ASSISTANT SECRETARY OF THE NAVY
SOON after the election of McKinley to the Presidency in 1896, friends of Roosevelt began to urge upon the new President the desirability of appointing him to some position in his administration, preferably in the Navy Department, because of his well-known interest in naval matters. Chief among these friends was Senator H. C. Lodge, who was as earnest an advocate of the building of an efficient navy as Roosevelt himself. Senator Lodge made a visit to McKinley, at the latter's home in Canton, Ohio, in December, 1896, and had an intimate conversation with the President-elect which he set forth in a confidential letter to Roosevelt under date of December 2. This letter is of historical interest as revealing McKinley's attitude of mind not only toward Roosevelt, but toward the most pressing question that was to confront the new President on taking office--the situation in Cuba.
"He asked me about Cuba," wrote Senator Lodge," and we went over the whole of that very perplexing question. It is very much on his mind and I found he had given it a great deal of thought. He very naturally does not want to be obliged to go to war as soon as he comes in, for, of course, his great ambition is to restore business and bring back good times, and he dislikes the idea of such interruption. He would like the crisis to come this winter and be settled one way or the other before he takes up the reins, but I was greatly pleased to see how thoroughly he appreciates the momentous character of the question."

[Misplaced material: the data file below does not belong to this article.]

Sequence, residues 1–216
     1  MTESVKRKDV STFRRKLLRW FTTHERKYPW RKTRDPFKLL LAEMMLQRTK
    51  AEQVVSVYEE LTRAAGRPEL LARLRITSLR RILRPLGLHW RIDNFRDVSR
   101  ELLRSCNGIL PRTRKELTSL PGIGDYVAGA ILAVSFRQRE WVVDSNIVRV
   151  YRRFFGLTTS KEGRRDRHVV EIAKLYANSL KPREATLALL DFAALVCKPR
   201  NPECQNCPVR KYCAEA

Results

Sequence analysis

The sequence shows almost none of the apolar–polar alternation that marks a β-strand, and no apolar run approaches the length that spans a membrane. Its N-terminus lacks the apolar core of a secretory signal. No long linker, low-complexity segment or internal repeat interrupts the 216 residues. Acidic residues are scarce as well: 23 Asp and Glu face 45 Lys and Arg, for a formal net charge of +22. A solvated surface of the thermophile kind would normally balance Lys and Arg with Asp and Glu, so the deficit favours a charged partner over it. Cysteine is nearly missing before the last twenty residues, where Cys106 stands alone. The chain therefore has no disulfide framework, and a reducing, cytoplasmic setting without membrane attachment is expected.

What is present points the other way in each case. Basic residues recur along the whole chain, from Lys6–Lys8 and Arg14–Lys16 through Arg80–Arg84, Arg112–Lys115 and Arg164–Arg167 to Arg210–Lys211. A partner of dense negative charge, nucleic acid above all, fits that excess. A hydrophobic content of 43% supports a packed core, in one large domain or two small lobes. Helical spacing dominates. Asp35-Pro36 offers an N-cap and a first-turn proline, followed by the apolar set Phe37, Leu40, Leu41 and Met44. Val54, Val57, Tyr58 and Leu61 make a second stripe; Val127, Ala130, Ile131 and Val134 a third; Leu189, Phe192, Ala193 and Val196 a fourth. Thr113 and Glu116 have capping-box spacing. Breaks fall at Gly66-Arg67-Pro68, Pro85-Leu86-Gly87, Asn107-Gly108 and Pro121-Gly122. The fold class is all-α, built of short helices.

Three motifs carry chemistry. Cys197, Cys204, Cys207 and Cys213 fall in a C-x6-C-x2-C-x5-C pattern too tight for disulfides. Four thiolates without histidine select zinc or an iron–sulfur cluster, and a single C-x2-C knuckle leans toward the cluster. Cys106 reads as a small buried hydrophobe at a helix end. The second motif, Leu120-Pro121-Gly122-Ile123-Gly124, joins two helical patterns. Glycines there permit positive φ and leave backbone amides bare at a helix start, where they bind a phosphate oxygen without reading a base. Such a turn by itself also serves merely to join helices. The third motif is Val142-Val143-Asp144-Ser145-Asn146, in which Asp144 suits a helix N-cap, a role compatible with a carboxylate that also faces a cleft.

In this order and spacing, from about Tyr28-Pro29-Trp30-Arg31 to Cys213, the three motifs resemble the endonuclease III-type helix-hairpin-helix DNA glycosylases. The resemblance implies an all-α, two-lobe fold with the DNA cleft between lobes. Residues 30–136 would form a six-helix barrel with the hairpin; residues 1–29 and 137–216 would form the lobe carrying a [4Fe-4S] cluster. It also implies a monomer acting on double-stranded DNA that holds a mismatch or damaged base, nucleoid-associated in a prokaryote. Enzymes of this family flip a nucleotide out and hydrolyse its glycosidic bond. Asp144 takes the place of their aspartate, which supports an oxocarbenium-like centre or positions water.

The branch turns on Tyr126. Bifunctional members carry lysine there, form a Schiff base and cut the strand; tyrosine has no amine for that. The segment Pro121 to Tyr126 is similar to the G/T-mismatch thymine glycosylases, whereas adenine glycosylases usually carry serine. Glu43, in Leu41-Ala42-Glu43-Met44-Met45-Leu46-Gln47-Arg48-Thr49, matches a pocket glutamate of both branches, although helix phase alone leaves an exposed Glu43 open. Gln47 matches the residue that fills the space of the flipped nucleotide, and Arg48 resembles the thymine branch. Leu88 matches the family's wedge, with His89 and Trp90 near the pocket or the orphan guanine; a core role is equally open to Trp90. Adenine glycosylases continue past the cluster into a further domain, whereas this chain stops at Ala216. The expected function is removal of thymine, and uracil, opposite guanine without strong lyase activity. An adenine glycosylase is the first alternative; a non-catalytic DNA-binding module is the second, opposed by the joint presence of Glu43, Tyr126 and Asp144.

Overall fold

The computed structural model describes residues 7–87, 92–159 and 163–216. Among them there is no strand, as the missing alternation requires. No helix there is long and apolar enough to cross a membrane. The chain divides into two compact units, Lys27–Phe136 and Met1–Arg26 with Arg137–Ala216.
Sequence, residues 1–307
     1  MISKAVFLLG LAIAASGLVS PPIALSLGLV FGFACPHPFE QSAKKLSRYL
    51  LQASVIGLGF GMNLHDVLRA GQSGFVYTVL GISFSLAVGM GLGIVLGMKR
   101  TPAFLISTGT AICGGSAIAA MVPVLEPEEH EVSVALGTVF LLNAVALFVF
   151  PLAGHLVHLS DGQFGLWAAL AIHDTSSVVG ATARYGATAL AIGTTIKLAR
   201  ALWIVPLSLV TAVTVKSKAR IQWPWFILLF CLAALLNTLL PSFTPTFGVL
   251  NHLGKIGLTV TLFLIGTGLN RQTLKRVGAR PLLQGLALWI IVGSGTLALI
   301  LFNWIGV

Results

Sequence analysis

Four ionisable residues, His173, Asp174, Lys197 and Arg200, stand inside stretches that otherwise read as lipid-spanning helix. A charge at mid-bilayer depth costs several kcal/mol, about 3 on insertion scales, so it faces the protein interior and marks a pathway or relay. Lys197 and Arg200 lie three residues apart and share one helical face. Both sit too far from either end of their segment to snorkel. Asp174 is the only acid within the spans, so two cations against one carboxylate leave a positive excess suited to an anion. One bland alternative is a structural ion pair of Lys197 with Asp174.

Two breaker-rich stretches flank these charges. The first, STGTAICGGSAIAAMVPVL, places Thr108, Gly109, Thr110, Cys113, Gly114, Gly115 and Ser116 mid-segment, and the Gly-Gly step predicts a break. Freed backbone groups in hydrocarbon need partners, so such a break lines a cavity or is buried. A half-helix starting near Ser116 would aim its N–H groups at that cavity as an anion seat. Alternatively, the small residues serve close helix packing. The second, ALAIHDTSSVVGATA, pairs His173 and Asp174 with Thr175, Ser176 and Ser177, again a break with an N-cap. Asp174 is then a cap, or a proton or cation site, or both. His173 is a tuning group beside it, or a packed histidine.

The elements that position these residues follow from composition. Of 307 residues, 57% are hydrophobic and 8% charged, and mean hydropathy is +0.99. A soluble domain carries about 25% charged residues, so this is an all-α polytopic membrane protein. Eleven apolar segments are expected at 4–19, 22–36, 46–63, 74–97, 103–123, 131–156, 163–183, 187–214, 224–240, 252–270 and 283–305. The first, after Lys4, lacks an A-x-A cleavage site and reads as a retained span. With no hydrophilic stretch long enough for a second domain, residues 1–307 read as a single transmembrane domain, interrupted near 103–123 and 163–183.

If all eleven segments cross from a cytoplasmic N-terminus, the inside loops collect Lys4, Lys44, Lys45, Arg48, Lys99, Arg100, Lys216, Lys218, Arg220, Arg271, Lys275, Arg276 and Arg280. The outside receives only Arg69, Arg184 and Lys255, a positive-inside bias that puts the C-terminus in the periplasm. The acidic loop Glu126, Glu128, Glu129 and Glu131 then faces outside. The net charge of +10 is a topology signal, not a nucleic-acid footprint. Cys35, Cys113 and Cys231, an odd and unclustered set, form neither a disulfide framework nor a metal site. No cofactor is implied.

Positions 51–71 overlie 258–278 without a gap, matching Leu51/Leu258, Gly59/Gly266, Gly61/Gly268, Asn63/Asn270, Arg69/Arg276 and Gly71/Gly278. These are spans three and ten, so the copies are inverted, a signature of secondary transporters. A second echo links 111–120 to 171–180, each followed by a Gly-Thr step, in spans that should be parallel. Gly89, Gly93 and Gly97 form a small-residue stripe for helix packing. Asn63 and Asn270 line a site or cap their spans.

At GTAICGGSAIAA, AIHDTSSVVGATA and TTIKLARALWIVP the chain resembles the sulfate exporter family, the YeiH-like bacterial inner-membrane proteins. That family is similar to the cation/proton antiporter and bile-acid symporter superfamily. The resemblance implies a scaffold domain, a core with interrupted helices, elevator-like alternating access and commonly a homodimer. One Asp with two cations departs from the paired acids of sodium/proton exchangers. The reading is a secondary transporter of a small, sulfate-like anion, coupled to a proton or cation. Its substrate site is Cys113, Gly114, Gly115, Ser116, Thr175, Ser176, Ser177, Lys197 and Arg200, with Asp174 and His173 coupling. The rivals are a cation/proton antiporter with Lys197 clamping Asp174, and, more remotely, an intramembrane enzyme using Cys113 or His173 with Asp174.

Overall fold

Striking evidence of the reputation for "driving force" which Roosevelt had earned for himself by his conduct in